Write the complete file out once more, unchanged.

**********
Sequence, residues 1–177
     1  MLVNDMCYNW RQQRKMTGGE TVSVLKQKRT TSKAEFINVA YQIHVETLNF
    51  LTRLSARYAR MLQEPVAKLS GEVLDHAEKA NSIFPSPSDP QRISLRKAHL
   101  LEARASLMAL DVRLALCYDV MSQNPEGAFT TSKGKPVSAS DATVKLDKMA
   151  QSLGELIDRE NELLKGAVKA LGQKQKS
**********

Sequence, residues 1–177
     1  MLVNDMCYNW RQQRKMTGGE TVSVLKQKRT TSKAEFINVA YQIHVETLNF
    51  LTRLSARYAR MLQEPVAKLS GEVLDHAEKA NSIFPSPSDP QRISLRKAHL
   101  LEARASLMAL DVRLALCYDV MSQNPEGAFT TSKGKPVSAS DATVKLDKMA
   151  QSLGELIDRE NELLKGAVKA LGQKQKS